Johnny Duncan came to Sedona for the first time to play an Indian in 1954’s Drum Beat. In November 2007, Johnny, then 84 years old, returned for the first time since.
“I don’t know where I am,” he said with a laugh from his hotel. In 1954, he explains, “there were half a dozen shops and few people. There was a swing over the [creek]. Charlie [Drum Beat costar Bronson] and I swung at the [creek] with some kids. It was great.”
Johnny was born near Kansas City, Mo., in 1923. His farmer dad taught him to dance the “Irish jig” before milking cows as a way to get him up at the crack of dawn. Later, as part of a duo, Duncan and Fisher, he was dancing at Elks Lodges and community events. A talent scout saw the act and invited Johnny to California – his parents got $300 and Johnny signed a contract for $50 per week. He was 15. “I’d gone from plowing a field barefoot to wearing a sport coat in California and I loved it,” he says.
In 1949, Johnny landed the role of Robin in the 15-chapter Columbia Pictures’ serial Batman and Robin, (that’s him with Batman Robert Lowery in the photo). “It was fantastic. Little did I know it would be a classic. Kids today still love Batman and Robin – every 10 years I have a new audience.”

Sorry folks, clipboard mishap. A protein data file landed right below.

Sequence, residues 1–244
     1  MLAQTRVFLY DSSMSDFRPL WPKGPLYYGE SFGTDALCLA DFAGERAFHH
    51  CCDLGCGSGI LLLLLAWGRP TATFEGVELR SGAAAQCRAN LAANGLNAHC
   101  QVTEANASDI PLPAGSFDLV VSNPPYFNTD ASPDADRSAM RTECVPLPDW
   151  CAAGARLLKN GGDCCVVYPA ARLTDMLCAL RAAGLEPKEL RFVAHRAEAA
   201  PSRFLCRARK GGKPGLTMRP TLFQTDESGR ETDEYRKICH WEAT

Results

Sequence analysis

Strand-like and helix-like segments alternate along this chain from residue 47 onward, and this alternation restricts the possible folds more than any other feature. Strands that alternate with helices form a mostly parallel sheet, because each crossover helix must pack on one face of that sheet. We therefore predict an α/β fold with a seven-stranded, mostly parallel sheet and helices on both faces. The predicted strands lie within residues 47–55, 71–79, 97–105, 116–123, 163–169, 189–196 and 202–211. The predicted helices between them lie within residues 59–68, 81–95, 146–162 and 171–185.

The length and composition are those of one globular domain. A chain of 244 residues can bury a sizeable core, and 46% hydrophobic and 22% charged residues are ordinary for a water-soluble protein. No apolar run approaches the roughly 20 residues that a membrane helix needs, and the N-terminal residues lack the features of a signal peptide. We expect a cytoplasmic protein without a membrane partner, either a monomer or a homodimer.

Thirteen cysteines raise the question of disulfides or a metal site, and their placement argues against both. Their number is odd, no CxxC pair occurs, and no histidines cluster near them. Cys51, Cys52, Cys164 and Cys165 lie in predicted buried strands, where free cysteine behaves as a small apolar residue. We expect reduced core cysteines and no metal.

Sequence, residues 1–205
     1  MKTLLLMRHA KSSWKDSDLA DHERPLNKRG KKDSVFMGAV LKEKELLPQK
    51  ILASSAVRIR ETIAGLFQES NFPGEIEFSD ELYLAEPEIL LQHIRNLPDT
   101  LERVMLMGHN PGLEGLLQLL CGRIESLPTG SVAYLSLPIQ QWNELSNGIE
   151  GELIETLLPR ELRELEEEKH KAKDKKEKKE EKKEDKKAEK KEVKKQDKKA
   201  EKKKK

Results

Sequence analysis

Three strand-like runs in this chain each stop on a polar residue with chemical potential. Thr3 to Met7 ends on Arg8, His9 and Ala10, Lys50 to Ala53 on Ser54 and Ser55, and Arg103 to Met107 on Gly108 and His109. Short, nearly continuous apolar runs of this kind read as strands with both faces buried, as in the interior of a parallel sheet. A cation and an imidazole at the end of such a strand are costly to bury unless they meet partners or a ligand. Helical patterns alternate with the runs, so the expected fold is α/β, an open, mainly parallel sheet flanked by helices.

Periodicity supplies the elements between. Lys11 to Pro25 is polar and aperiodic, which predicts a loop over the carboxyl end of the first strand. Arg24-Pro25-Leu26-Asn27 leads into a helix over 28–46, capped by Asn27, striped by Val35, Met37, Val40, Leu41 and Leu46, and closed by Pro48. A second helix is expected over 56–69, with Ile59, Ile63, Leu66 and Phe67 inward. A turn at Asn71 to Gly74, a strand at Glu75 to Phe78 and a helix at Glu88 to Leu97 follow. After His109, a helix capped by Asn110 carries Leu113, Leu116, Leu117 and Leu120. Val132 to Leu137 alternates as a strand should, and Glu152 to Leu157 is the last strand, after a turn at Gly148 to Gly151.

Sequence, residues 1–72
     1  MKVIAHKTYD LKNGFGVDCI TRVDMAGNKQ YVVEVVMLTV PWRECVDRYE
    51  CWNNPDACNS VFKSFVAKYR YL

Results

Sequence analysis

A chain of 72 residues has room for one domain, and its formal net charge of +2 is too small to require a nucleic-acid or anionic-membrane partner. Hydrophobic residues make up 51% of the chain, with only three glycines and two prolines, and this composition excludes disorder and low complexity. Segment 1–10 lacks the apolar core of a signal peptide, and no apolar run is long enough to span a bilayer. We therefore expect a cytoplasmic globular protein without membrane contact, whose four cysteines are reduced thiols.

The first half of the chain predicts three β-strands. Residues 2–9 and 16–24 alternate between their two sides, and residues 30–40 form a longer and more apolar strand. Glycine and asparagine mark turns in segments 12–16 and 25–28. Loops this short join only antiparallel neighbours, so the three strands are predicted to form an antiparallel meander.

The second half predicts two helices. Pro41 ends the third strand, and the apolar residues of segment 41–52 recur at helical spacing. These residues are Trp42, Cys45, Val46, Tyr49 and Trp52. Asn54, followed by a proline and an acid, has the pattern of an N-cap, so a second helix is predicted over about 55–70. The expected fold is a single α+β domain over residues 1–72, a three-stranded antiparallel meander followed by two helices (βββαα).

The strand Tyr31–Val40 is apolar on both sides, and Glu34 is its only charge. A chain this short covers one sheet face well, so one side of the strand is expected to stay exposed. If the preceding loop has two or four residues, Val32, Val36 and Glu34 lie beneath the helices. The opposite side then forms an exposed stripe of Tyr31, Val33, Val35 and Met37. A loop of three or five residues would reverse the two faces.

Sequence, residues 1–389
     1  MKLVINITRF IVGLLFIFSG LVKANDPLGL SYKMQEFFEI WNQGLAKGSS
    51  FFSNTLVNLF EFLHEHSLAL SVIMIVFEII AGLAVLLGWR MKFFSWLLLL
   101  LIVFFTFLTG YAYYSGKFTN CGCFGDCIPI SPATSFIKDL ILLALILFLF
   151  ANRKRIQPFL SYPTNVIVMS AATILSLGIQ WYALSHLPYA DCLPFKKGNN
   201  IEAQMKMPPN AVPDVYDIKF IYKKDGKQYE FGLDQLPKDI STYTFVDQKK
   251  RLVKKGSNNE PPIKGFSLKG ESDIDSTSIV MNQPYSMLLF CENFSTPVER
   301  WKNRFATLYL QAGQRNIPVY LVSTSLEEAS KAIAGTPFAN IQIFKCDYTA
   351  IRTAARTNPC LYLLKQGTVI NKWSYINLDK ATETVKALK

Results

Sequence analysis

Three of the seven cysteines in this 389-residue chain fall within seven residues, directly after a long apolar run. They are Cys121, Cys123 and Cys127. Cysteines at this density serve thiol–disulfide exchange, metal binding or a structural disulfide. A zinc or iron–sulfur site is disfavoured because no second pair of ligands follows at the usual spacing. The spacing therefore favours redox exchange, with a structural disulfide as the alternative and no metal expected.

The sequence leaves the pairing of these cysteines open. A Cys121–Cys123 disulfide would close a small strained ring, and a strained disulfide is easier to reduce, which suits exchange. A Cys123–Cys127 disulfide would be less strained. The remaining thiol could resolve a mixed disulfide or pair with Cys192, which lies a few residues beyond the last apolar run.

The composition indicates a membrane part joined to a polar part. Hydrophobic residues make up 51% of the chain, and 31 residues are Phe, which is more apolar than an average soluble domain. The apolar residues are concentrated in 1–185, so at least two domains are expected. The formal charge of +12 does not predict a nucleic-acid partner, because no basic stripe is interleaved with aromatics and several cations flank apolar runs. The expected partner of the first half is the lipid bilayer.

Johnny ultimately moved into the hotel business, though he had bit roles in the 1980s on TV’s Dallas and Dynasty. He retired for good in 2000 and currently lives in Missouri.
One of his favorite movie memories actually involves Drum Beat. In a scene where Indians are chasing star Alan Ladd, Ladd turns and fires at his pursuers. Each time he would fire a single shot, at least three of the riding extras would fall from their horses. The director, Delmer Daves, finally yelled, “cut” and had to explain that only one of them could fall from his horse per shot. “Every time Alan and I saw each other after we made that movie we would laugh and laugh about that,” Johnny says.––By Erika Ayn Finch. Originally published in the January/February 2008 issue of Sedona Monthly
RIP, Wright King.
6 days ago